Corporate China struggles with supply snags, demand slump as COVID cases spread


As China's massive wave of COVID-19 infections begins its march across a country roughly the size of Europe, the ripple effect on business is accelerating. rom its original epicentre in the north, including the capital Beijing, COVID-19 infections are spreading throughout the country and cases are impeding workforces in manufacturing belts, including the Yangtze River Delta, near Shanghai

Retail and financial services businesses have been hard hit by a shortage of staff, with manufacturers not far behind, according to an international business organisation operating in China.

"The retail and client facing sectors are in deep trouble. Obviously, they have limited staff that are available to work because of illness, so many of our large-scale retailers are not even opening their doors," said Noah Fraser, managing director at the Canada-China Business Council.

With mass testing halted after China abruptly dropped its zero-COVID policy this month, official data no longer reliably captures new case numbers. As of Wednesday, the country has reported only 5,241 COVID-19 fatalities since the pandemic began.

Some estimates, however, predict the wave currently sweeping the country could infect up to 60% of China's 1.4 billion-strong population.

"The case counts are starting to creep up outside of the big cities which, of course, means the virus is moving, and we're going to see further disruption down the line," Fraser said.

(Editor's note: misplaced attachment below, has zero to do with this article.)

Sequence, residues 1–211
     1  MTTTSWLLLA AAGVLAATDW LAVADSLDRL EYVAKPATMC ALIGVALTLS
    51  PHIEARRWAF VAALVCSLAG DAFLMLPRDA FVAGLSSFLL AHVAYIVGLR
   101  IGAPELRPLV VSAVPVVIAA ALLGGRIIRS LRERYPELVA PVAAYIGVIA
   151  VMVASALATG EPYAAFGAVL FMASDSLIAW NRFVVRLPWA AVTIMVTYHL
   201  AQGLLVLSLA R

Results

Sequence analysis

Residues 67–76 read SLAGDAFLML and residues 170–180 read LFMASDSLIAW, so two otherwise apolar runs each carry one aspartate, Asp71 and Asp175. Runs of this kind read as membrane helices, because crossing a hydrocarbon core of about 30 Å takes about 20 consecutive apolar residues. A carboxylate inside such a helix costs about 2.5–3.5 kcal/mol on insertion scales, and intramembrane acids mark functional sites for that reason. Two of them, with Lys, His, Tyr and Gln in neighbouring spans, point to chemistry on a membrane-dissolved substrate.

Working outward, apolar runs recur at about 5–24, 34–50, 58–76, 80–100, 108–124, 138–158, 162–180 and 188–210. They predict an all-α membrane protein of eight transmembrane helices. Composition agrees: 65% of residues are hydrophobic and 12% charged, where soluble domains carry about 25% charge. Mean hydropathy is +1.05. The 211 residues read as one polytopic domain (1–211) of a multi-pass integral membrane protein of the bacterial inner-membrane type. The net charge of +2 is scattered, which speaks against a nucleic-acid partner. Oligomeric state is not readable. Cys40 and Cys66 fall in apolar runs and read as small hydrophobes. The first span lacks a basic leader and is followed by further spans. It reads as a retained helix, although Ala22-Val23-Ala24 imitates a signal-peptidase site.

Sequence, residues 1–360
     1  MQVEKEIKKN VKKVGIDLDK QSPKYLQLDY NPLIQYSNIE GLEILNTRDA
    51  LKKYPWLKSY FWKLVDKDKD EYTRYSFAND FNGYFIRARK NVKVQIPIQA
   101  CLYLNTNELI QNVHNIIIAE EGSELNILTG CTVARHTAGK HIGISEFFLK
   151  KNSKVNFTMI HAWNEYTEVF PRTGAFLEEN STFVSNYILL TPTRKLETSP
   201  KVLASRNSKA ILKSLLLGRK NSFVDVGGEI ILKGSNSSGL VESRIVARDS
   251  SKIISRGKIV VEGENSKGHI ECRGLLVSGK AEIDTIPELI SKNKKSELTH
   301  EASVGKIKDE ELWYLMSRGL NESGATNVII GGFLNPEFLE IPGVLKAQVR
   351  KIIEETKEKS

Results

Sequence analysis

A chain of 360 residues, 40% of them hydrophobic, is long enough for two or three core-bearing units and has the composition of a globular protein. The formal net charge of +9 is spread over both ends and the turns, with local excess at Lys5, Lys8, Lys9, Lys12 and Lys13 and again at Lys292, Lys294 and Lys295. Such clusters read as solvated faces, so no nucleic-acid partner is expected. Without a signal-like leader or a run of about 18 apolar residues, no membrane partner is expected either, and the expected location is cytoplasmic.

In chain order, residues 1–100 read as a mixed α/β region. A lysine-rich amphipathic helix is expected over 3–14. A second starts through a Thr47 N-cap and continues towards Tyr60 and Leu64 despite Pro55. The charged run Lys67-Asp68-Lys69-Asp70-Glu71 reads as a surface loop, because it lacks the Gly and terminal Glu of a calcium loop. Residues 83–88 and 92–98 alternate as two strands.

Even before COVID-19 infections began hampering companies in China, the world's second-largest economy was already depressed by its efforts to stamp out infections, as tight movement controls and repeated lockdowns hampered consumption and production.

China's factory output and retail sales clocked their worst readings in six months in November, prior to the lifting of the majority of COVID curbs at the start of December.

Retail sales fell 5.9% on year amid broad-based weakness in the services sector, while automobile production slumped 9.9%, swinging from an 8.6% gain in October.

China's position as a key cog in the global supply chain, as well as a major driver of sales for many global consumer goods companies, means further hits to production output and consumer demand will be felt far beyond its borders.

Shanghai's extended lockdown in April and May caused disruption to the supply chains of multinationals including Apple AAPL.O, Tesla TSLA.O, Adidas ADSGn.DE and Estée Lauder EL.N.

For now, however, that impact is being limited in part by economic hardships elsewhere in the world denting demand for products from China.

"Reduced demand in the U.S. and Europe for consumer goods probably hides some of the impact," said Jonathan Chitayat, the Asia boss of Shanghai-based Genimex Group, a contract manufacturer for a range of consumer products.

Working in manufacturers' favour as an increasing percentage of the workforce are hit by infections in coming months is the Lunar New Year holiday, where many factories shut for at least a month as workers travel back to their home towns.

Even though the worst effects of the wave are still to emerge, some businesses in China remain relatively upbeat about the future, once the initial wave of infections subsides.

"Most of my clients are up to their eyeballs in debt right now, so all of them are gonna be out trying to entertain people and trying to push deals through," said Dillon King, co-founder of an import-based food and beverage company.

"I'm optimistic for this year coming up, but definitely feeling the pain of the last few weeks for sure."

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